John Paul II, Pope (Wojtyla, Karol) 1920-2005
Città del Vaticano 08/08/1987To my dear brother John L. May Archbishop of Saint Louis
President of the National Conference of Catholic Bishops
As my second Pastoral Visit to the United States approaches, I wish to express to you my profound gratitude for your kindness in sending me the volume containing the texts of my statements on the subject of Jews and Judaism. This significant undertaking is the result of cooperation between Catholics and Jews in America, which is a further source of satisfaction.
In my pastoral concerns, journeys and meetings and in my teachings during the years of my Pontificate, I have constantly sought to develop and deepen our relationships with the Jews, "our elder brothers in the faith of Abraham", and I therefore encourage and bless not only this initiative but the initiatives of all these who, in fidelity to the directives of the Second Vatican Council and animated by good will and religious hope, foster relationships of mutual esteem and friendship and promote the Jewish-Christian dialogue in the appropriate places and with due theological competence and historical objectivity. The more we try to be faithful in loving obedience to the God of the Covenant, the Creator and Savior, contemplating in prayer his wonderful plan of Redemption and loving our neighbor as ourselves, the deeper will be the roots of our dialogue and the more abundant its results.
With our hearts filled with this unyielding hope, we Christians approach with immense respect the terrifying experience of the extermination, the Shoah, suffered by the Jews during the Second World War, and we seek to grasp its most authentic, specific and universal meaning.
As I said recently in Warsaw, it is precisely by reason of this terrible experience that the Nation of Israel. her sufferings and her holocaust are today before the eyes of the Church, of all peoples and of all nations, as a warning, a witness and a silent cry. Before the vivid memory of the extermination, as recounted to us by the survivors and by all Jews now living, and as it is continually offered for our meditation within the narration of the Pesah Haggadah — as Jewish families are accustomed to do today — it is not permissable for anyone to pass by with indifference. Reflection upon the Shoah shows us to what terrible consequences the lack of faith in God and a contempt for man created in his image can lead. It also impels us to promote the necessary historical and religious studies on this event which concerns the whole of humanity today. In this regard I look forward to positive results from the work of the forthcoming Thirteenth Plenary Session of the International Catholic-Jewish Liaison Committee, to be held in Washington precisely on the subject "The Shoah, its Significance and Implications seen from a Historical and Religious Perspective".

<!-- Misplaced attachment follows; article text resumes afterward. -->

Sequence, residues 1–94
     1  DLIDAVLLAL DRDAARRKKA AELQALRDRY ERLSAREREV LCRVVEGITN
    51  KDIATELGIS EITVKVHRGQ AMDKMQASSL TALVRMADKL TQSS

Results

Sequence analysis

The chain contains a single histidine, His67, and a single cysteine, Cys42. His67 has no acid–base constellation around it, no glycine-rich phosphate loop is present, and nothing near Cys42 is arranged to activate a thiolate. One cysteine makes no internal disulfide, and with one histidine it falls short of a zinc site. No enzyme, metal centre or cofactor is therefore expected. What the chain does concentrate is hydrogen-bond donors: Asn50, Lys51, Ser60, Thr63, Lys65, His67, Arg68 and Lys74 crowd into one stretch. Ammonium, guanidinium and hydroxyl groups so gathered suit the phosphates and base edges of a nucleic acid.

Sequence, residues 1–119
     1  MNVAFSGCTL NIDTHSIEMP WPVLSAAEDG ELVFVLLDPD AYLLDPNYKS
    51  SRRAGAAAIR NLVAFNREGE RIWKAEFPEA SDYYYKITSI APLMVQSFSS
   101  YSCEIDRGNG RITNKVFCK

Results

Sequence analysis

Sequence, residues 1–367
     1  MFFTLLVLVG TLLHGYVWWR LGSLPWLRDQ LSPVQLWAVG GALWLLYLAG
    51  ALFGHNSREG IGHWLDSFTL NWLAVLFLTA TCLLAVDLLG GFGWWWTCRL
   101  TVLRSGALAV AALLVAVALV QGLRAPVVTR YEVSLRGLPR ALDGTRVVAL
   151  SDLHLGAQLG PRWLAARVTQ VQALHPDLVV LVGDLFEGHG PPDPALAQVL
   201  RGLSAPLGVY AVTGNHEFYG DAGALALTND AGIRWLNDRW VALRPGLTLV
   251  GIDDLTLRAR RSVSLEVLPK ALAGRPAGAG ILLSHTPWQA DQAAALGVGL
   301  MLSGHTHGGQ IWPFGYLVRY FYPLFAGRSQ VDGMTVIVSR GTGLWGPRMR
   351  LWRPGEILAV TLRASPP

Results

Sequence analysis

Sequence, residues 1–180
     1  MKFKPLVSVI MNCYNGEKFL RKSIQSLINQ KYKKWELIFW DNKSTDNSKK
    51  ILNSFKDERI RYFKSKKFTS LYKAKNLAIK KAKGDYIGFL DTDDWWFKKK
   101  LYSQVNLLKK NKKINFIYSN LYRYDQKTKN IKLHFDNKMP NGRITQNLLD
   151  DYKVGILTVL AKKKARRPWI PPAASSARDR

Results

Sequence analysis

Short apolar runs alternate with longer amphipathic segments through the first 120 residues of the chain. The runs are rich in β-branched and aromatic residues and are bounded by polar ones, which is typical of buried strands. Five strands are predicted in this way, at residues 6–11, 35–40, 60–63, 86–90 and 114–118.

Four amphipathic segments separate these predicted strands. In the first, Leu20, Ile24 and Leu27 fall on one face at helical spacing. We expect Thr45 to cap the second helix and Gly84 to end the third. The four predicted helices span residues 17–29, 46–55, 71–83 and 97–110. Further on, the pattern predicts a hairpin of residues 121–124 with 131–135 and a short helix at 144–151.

There is no doubt that the sufferings endured by the Jews are also for the Catholic Church a motive of sincere sorrow, especially when one thinks of the indifference and sometimes resentment which, in particular historical circumstances, have divided Jews and Christians. Indeed this evokes in us still firmer resolutions to cooperate for justice and true peace.
As I said at Assisi, I wish we could create ever newer opportunities for showing "what God would like the developing history of humanity to be: a fraternal journey in which we accompany one another towards the transcendent goal which he sets for us".
In this spirit of peace and universal fraternal solidarity I am preparing to renew to you and to the beloved Jewish community in the United States the joyful proclamation of peace, the Shalom announced by the Prophets and awaited by the whole world. I express the hope that this peace will well up like a stream of living water from the be ism of Jerusalem and that there may be accomplished that which was foretold by Zechariah: "The Lord shall become king over the whole earth; on that day the Lord shall be the only one, and his name the only one" (Zech 14:9).
And as I look forward to our meeting in your beloved country, I impart to you and to your brother Bishops my Apostolic Blessing.
From the Vatican, August 8, 1987
(signed) Joannes Paulus II
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